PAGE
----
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I Forge Iron

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7 hours ago, ThomasPowers said:

Any stainless or silicon bronze?

No, just steel.  the color on some of them is a reflection.

 

5 hours ago, BIGGUNDOCTOR said:

What size stock do you start with, and length? I would like to try making some myself. 

 

These are mostly 7 1/2 inches long.  I started with 6 inches of 1/4 square.  Flattened the ends and that gave me 6 1/2, which curved around a wrist mandrel works out to 7 1/2.

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  • 3 weeks later...

You can also use a wooden mandrel to forge on---old wooden baseball bat can be repurposed for both the hammer and mandrel.  I have a commercial bracelet mandrel I found in the dirt at my local scrap yard and have used a large tinsmith's stake before that.  I am usually wanting to smooth down the inside of the bracelet while not messing with the viewside of it so wooden hammer on a steel mandrel works well for me.

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Sorry to belabor this, but a couple more questions:

  1. Is your bracelet mandrel wood or metal, and is it tapered or cylindrical and stepped?
  2. Do you do the final sizing hot or cold?  If hot, doesn't that eat up the leather mallet?

Thanks for your patience.

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Mine is oval and tapered and is made from metal

Final adjustments are done hot or cold depending on how much and how heavy the piece is.

And yes they don't call the rawhide mallet "the stinky hammer" for nothing in my shop as it's not in contact long there is not much damage per strike.

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On 12/9/2016 at 8:46 AM, Latticino said:
  1. Is your bracelet mandrel wood or metal, and is it tapered or cylindrical and stepped?
  2. Do you do the final sizing hot or cold?  If hot, doesn't that eat up the leather mallet?

Like Thomas' mine is metal, oval and tapered, it has a base that fits into a stake table or vice.  I got it from one of the jewelry supply companies. 

As a rule, I size and shape hot, but check cold.  I've done enough to have a fair idea how much far down the mandrel to go so they are the correct size when cold.  If I'm off, it's easy enough to do small adjustments cold.  Yes, the leather burns, but I'm not holding it against the hot iron, only lightly hammering.  My current mallet has see hundreds of uses and is still 90%

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  • 1 year later...

I was hoping this thread would talk about treating the bracelets so they do not rust.  I'm working on a piano wire Damascus so I really want what ever pattern there is to show.  Oil and wax hot will destroy the pattern and was looking for something other that a clear coat of lacquer or acrylic.  Anybody got any ideas? Present for daughter so I can't do any maintenance on it after it leaves.

 

Thanks

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That’s a tough one. If all the wire are the same composition all you get is a very minor etch due to carbon loss/migration at the weld line.  You might be able to sneak up on the etch using weak ferric chloride, clean off the oxides, repeat to try and get a bit of topography, that’s about the only way to get it to last. Once you can get topography you can make a concentrated coffee etch/stain, or something similar then polish the high points. Then a coat or carnuba or the clear coat to fix it.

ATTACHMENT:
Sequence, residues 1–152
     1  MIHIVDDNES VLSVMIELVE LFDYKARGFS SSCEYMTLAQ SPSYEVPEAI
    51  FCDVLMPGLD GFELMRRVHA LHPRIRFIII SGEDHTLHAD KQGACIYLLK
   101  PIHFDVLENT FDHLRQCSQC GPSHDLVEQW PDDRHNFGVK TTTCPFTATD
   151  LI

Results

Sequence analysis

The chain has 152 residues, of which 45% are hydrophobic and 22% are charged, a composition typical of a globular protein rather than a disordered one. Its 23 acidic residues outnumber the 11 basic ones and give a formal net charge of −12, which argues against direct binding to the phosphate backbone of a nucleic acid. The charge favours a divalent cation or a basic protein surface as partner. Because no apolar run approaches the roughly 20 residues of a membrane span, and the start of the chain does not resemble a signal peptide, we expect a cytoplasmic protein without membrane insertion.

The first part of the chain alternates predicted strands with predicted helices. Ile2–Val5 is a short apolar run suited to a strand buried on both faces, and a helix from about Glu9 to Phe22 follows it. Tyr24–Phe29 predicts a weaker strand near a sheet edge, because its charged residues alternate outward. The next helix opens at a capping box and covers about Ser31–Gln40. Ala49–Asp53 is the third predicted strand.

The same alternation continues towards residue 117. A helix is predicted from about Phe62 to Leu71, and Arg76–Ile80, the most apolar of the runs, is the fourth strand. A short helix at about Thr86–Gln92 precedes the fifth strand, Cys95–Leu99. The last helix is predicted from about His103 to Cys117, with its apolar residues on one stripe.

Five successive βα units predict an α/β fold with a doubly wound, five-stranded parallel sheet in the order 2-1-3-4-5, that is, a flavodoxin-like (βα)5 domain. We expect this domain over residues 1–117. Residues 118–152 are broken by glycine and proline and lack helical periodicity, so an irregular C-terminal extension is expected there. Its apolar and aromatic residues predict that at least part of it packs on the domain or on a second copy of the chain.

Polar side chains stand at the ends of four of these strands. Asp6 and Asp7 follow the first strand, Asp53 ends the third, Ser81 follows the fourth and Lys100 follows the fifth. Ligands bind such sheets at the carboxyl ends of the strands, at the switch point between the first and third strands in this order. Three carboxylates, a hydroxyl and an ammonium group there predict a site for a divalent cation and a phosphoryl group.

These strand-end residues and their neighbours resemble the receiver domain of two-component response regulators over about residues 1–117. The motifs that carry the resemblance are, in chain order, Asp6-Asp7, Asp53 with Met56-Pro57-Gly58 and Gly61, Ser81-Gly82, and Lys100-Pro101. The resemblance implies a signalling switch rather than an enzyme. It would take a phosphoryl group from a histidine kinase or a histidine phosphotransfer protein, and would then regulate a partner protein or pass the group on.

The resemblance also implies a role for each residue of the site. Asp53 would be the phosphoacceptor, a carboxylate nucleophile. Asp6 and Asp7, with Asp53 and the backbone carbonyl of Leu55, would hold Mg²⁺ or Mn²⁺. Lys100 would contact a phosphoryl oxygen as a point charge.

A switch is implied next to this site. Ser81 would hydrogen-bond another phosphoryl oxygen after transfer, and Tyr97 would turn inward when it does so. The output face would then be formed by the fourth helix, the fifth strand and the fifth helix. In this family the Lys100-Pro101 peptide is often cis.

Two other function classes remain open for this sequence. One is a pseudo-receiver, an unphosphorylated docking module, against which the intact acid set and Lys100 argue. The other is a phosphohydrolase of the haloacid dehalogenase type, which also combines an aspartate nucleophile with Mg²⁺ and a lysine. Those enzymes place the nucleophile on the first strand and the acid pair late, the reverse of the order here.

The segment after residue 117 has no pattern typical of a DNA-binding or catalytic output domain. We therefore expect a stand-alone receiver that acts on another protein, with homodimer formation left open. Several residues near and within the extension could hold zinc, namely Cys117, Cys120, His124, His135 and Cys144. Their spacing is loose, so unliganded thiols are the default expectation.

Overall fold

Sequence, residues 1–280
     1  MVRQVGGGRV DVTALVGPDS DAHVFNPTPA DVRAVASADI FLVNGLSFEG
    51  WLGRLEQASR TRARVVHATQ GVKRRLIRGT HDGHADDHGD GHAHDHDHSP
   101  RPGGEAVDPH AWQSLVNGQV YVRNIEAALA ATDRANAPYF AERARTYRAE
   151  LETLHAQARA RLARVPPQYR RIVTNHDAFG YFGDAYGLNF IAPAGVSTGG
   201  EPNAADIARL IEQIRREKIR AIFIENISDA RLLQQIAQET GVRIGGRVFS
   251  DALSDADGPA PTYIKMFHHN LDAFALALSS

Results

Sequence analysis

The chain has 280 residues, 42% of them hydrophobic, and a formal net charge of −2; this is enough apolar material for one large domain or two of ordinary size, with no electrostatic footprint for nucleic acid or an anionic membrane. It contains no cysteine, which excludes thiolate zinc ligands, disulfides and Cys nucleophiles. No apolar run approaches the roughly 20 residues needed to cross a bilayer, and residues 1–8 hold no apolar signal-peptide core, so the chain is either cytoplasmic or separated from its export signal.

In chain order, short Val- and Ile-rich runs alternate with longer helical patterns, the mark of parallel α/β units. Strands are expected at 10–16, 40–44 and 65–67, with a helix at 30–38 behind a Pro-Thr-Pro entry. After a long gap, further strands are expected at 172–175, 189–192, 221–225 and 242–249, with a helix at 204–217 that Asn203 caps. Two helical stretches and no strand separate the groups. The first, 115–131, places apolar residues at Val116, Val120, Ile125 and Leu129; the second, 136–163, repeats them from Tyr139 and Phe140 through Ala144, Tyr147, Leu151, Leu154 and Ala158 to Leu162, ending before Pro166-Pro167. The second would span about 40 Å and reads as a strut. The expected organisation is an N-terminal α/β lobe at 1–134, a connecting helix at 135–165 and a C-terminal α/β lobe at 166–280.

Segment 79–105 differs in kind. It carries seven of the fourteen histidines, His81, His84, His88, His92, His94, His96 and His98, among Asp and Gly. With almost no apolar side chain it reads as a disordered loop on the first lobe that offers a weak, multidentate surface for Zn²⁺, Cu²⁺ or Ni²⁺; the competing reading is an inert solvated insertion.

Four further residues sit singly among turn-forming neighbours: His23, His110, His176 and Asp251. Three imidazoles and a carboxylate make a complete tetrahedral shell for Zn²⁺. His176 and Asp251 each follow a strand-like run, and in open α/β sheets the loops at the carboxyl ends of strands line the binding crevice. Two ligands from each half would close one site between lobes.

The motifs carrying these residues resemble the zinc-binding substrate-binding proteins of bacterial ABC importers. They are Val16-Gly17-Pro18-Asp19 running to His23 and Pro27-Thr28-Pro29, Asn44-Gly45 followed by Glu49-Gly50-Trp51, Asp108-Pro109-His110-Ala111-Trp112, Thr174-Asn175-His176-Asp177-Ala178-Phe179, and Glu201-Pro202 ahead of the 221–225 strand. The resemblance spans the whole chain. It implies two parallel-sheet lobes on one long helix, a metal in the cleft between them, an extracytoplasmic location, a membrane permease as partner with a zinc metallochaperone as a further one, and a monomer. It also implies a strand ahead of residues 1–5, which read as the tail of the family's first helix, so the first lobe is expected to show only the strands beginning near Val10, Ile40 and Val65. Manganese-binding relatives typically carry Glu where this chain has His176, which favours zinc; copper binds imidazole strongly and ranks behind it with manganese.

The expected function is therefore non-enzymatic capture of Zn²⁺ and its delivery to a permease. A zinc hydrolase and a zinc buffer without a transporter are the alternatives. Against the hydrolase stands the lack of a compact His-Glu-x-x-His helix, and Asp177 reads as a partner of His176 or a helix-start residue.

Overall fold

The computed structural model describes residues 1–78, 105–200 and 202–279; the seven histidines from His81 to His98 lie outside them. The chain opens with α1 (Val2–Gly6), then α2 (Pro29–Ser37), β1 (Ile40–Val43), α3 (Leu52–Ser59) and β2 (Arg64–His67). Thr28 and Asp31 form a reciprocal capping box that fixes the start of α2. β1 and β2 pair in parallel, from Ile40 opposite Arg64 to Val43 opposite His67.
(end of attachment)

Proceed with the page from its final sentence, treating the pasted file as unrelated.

In the future try and mix alloys and carbon levels to get more variance. Nickel will stay brighter, higher carbon etch more, manganese can be darker

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Thanks Stevo. This one is special in that this was her piano. It was beyond repair/retuning so I salvaged it for the wood and metals. She actually asked if it could be done so ya I did it.  I'm not expecting much pattern but I was hoping for a new way to "finish" it so it wouldn't rust.  Guess the important thing is that a piece of it will be with her.

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Das

The copper came off real easy but I was in the front yard by the time I was done.  It's amazing how much length there is.   I saw your piano wire find earlier.  It welded real easy for me.  I twisted it cold then heated and twisted some more and welded.  I had some inclusions but for what I was doing it probably helped.  I started the weld in a small round bottom swage and used borax.  Easiest forge weld I have ever done.  Good luck I'm sure you will make something beautiful.

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  • 2 weeks later...

To piggyback on the question of keeping the damascus / steel from oxidizing: Has anyone of you tried Balistol for a longer term? I'm not sure if it exists in the States, but since it was introduced as a gun maintenance oil, they would be crazy not to cover your guys market.

On paper it looks good (even food safe), but I can't tell how it would work when being used on jewelery (wear and tear from skin contact). I sprayed a cross with it to protect it from rust, which I gifted to my sister but I lack the long-term experience.

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